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  HOME | Latin America (Click here for more)

Rights Group Calls on Latin American Governments to Give Moral Status to Human Rights

BUENOS AIRES – Governments must not consider human rights irrelevant but must rather recognize their moral stature, the head of the Inter-American Commission on Human Rights (IACHR) said on Monday at the start of its 162nd extraordinary period of sessions in Argentina.

“The subject of human rights is often a hard topic to deal with in political discussions within governments and state agencies. It’s a subject that impassions/polarizes,” Commissioner Francisco Jose Eguiguren said as this week’s IACHR public hearings got underway at a hotel in Buenos Aires.

For Eguiguren, the cause for human rights demands an attribution of “moral stature” that is sometimes neither spontaneous nor easy to achieve, since it is often spoken of as something “distant and remote” when it is not that at all.

He also said the concentration of power, which violates the separation of powers, undermines judicial independence and infringes on human rights, is a matter the IACHR focuses on in the region, since, he said, “it tends to go hand in glove with a disrespect for disagreement, freedom of opinion and the right to debate.”

After the period of session held in Washington last March and before the one Lima will host next July, the hearings in Buenos Aires will be the second of the five extraordinary periods of sessions open to the public in 2017, in which, besides members of the IACHR, representatives of governments and social organizations of each country will take part.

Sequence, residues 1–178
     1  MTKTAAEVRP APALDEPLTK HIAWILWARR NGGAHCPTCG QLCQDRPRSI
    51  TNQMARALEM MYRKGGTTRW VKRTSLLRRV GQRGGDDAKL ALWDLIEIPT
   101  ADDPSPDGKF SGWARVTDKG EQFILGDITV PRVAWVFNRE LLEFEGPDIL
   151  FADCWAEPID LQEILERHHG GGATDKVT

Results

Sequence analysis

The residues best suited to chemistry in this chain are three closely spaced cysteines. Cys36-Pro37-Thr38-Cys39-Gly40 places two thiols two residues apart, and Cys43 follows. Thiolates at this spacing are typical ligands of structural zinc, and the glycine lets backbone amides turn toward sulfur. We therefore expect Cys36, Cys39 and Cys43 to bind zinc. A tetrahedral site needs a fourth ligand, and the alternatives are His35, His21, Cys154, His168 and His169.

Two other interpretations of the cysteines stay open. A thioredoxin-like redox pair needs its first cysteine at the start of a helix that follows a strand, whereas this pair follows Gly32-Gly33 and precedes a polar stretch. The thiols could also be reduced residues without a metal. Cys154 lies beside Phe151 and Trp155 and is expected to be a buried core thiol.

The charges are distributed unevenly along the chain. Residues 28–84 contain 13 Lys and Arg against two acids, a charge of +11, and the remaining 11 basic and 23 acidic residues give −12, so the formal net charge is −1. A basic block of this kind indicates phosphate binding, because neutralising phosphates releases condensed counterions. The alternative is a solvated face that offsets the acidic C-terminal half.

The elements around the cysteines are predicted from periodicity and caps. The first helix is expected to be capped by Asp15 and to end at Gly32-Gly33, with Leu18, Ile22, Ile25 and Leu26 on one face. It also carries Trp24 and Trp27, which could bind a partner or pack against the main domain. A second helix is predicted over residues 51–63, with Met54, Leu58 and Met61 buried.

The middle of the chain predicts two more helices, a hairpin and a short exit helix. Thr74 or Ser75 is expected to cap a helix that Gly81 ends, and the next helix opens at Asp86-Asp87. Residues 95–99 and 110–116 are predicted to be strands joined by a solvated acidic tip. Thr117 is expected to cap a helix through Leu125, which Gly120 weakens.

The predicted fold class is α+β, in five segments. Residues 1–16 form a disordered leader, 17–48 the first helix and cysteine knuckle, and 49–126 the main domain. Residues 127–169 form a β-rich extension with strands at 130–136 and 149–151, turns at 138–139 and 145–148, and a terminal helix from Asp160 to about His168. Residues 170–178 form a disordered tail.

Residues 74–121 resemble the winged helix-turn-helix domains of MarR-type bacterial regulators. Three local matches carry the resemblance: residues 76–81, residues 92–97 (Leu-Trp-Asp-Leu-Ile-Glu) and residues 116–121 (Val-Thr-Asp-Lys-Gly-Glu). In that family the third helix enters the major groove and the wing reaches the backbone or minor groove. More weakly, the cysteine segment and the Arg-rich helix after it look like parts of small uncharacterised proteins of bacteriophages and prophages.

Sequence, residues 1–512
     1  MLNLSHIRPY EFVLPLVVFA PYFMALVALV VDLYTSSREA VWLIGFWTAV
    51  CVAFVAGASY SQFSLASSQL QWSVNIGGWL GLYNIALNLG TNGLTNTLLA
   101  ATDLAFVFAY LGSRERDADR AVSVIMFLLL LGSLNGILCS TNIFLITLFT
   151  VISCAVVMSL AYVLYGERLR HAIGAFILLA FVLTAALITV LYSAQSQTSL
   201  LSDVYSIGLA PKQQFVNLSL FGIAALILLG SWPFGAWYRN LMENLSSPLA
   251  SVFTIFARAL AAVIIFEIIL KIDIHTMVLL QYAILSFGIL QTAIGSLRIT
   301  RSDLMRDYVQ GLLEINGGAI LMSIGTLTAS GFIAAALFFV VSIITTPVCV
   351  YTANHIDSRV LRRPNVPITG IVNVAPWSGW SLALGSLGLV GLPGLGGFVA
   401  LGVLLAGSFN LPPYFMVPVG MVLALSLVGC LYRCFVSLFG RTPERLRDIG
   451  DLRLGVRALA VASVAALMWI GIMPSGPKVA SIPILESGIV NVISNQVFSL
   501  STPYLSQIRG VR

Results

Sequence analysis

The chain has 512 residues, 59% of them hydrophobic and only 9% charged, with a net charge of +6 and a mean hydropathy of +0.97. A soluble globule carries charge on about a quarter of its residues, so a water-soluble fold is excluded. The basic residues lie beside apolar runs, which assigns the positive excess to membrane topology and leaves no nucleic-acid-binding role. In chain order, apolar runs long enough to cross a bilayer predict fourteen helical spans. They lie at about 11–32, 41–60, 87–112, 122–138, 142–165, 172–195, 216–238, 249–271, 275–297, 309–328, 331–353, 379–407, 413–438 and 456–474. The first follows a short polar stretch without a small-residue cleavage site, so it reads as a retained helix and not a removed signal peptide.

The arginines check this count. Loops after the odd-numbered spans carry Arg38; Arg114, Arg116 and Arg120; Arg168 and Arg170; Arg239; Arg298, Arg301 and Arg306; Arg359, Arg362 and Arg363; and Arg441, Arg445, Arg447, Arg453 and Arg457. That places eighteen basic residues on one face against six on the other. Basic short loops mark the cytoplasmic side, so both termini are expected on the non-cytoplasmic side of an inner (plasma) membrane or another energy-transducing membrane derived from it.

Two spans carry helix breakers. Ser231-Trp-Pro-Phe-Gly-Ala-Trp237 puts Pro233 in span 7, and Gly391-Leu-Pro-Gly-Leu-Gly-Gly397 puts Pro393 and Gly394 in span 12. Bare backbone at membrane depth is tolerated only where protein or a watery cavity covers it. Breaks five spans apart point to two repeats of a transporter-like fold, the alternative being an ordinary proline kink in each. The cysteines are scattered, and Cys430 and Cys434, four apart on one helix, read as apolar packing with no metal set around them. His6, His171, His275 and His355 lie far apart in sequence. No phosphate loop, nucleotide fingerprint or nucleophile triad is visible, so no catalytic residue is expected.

Beginning this Monday, members of the rights organization will hold private hearings in the afternoons, while between May 24-26 public sessions will be held in the morning.

As Eguiguren recalled, subjects and problems to be explored include drug policies, incarceration systems, judicial independence and respect for freedom of speech in five countries: Brazil, Uruguay, Chile, Paraguay and Peru.

Such situations in Argentina will not be discussed because of IACHR protocol for extraordinary sessions, which is to steer clear of issues of the host country that finances the meeting in order to avoid conflicts of interest.

In that sense, he thanked the South American country for its invitation to hold these hearings at a time when the commission is going through such economic hard times, while noting the common ground in the “fight against impunity” that has united IACHR with Argentina since 1979, when representatives of the organization arrived in Buenos Aires at the height of the 1976-1983 military dictatorship.

 

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